Set up a dimension scale and a layer to accept the dimensions (L-DIMENSION may already be present), dimension style and apply the dimensions as shown in the figure below.
Apply dimensions to a section
The figure below shows some neatly applied dimensions to a typical landscape section. [Courtesy of 5SensesDesign]
Here is another movie showing how to apply a set of dimensions to the design shown below. Click on the image to see an example of well applied dimensions. Here the drawing has been plotted on an A4 sheet and is not to scale - the dimensions themselves take precedence over a written scale.
The presentation of this dimension information can be further improved by including a scale bar (as an additional check even when a design has been fully dimensioned) and utilizing the ability of gCADPlus to create multiple floating viewports.
Providing appropriate lighting is an important part of landscape design work. Position and type of lights can be specified in a gCADPlus drawing. The symbol and location can then be passed to programs such as SketchUp in order to provide a client with a realistic view of the completed design.
The point marker tool can be useful to provide a construction team with a guide to set out a complex paved area in a design such as that shown in the figure below.
Export to 3D modelers
Some clients experience difficulty in understanding 2D plans, even when they are provided with elevation and section views. It is of course, possible to hand sketch a 3D view, but not everyone has the necessary skill to do that. Many drafters now use software applications such as SketchUp to build a computer generated 3D representation of the design.
Tip: SketchUp, a tool previously owned by Google, but now owned by Trimble.
gCADPlus provides a convenient way of exporting base information from a 2D design and bringing it into SketchUp. Building a 3D model is then greatly simplified because the accurate 2D information from gCADPlus serves as a base for the 3D model.
You have three options for building your 3D model in SketchUp on 2D information from gCADPlus:
(1) Export a graphic and use the free SketchUp application to build a model based on the graphic or
(2) Export a DXF file from gCADPlus and import into free SketchUp (using a plug in to allow DXF importation) or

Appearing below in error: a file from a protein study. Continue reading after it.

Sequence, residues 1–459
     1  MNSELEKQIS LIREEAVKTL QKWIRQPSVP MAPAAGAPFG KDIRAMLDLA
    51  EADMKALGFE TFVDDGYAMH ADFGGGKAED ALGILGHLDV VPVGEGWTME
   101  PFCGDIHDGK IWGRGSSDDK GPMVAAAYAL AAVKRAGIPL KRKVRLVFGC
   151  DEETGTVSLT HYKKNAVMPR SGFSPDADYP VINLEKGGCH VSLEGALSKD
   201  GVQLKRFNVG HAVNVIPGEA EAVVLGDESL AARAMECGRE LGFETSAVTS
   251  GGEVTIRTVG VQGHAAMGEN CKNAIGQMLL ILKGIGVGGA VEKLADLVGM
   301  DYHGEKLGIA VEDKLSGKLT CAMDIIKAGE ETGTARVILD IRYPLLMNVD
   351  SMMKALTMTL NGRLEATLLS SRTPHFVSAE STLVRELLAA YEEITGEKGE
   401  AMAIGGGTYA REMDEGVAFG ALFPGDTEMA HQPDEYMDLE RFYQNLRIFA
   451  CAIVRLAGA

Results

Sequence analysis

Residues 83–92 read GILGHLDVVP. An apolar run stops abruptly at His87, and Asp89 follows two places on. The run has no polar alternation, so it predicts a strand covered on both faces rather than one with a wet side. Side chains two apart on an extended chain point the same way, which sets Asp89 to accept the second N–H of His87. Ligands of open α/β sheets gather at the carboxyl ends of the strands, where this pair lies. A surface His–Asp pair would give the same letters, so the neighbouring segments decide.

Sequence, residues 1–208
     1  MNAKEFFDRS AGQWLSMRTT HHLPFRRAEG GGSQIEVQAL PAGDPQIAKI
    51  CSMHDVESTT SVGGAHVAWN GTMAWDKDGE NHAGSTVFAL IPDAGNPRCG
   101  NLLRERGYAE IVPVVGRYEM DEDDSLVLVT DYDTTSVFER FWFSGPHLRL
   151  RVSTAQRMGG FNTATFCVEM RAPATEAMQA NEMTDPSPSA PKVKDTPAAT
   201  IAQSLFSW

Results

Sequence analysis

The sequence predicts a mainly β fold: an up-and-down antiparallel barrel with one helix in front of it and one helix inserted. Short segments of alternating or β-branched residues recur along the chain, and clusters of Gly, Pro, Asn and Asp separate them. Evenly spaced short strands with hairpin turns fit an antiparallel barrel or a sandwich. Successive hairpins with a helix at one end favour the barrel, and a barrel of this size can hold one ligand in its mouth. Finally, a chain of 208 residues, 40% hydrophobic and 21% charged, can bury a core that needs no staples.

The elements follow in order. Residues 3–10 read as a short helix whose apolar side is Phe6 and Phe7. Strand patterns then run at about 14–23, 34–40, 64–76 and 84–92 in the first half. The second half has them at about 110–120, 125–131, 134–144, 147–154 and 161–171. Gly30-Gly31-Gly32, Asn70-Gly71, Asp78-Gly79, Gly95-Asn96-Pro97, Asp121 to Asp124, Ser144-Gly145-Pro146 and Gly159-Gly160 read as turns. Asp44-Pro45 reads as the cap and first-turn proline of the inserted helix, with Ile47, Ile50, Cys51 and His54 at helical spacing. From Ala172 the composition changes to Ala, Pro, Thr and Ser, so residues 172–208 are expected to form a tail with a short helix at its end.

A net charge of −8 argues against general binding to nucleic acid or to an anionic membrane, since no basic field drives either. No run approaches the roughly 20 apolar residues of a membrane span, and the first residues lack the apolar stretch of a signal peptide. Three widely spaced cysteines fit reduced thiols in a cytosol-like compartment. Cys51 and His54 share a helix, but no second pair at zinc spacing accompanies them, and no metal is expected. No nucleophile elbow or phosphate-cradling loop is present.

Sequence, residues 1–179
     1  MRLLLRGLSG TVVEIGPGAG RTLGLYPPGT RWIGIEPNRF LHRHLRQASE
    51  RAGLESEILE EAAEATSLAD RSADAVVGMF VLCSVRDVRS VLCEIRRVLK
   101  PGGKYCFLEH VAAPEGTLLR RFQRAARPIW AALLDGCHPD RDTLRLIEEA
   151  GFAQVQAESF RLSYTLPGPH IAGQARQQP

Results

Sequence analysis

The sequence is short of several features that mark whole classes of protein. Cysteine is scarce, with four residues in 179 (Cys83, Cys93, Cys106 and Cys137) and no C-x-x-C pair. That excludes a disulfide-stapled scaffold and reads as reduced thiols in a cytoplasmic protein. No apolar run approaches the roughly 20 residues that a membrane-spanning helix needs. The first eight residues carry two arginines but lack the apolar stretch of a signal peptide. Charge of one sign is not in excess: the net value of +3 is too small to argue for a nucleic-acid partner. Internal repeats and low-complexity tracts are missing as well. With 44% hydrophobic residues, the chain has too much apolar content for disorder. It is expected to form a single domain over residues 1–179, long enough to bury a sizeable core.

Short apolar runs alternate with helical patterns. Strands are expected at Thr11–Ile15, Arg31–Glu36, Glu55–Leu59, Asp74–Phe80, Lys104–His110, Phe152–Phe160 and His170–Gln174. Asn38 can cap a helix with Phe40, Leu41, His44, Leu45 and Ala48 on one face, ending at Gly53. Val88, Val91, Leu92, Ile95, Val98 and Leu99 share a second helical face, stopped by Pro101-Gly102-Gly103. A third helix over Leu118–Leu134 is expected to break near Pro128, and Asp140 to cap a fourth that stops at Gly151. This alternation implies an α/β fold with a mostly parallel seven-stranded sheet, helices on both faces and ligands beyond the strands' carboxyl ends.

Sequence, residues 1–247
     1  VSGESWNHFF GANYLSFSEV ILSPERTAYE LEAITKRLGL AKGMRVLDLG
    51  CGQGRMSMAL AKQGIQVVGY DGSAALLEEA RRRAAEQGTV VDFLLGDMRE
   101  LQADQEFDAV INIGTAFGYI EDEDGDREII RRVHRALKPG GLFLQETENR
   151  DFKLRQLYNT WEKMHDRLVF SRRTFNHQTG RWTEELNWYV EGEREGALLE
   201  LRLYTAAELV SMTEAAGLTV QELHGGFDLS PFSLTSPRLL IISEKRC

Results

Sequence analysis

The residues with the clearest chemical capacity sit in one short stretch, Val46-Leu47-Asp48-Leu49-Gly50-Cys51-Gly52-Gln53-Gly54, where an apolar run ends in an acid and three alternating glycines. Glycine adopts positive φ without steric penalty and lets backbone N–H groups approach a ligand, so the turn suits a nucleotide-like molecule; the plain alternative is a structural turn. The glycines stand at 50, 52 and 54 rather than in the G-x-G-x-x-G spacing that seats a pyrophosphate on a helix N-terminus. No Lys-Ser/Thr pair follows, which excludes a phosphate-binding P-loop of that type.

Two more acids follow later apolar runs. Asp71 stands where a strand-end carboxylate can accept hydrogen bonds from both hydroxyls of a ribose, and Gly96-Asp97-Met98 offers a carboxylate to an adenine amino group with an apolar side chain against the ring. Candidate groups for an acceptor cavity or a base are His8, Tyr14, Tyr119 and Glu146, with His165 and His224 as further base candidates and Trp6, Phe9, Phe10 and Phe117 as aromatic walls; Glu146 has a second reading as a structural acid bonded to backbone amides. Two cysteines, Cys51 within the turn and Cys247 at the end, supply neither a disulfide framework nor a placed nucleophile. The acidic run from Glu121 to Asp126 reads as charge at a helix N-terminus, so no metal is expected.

(3) Use a SketchUp Pro which has the ability to import DXF and DWG files.
Assign a Z value to entities (structural elements) in the gCADPlus drawing. Use a "Create SketchUp Layers" tool and export accurate 2D information from gCADPlus in the form of a DXF file. Entity snap in SketchUp based on the transferred information is then possible.
Assign Z values
Use the layer stack tool and isolate just those entities that you want to work with as a base in the SketchUp environment. (turn off unwanted layers, including the layer on which plant symbols have been placed).
Select the Make SketchUp layers tool from the GCADPlus drop down menu.
Assign a Z coordinate to entities if required. In the example above, the yellow deck was set at 300, the grey paved area 100 and the white decoration 105.
Select entities (no hatching, no plant symbols, explode blocks if used to make structural details).
Choose whether or not to transfer symbols and text to another layer.
Start SketchUp and import the DXF file that's been exported from gCADPlus. If you have assigned elevation values to each structural entity, it is a simple task to use the Push/Pull tool to create 3D geometry.
Use your SketchUp skills to assign materials to surfaces.
Add planting and furniture. An image file taken from the elevation view in gCADPlus was pasted onto the screen.
Add some textures.
If required, the model can be passed to rendering software for higher resolution and softening. Note the loss of detail of graphic on the screen wall. This is a function of the renderer in use. It is possible to include the graphic on the rear wall in some ray tracing software. Click on the image to see such a rendering application in action.
Make an animation
Some clients may benefit from seeing an animation of the proposed design.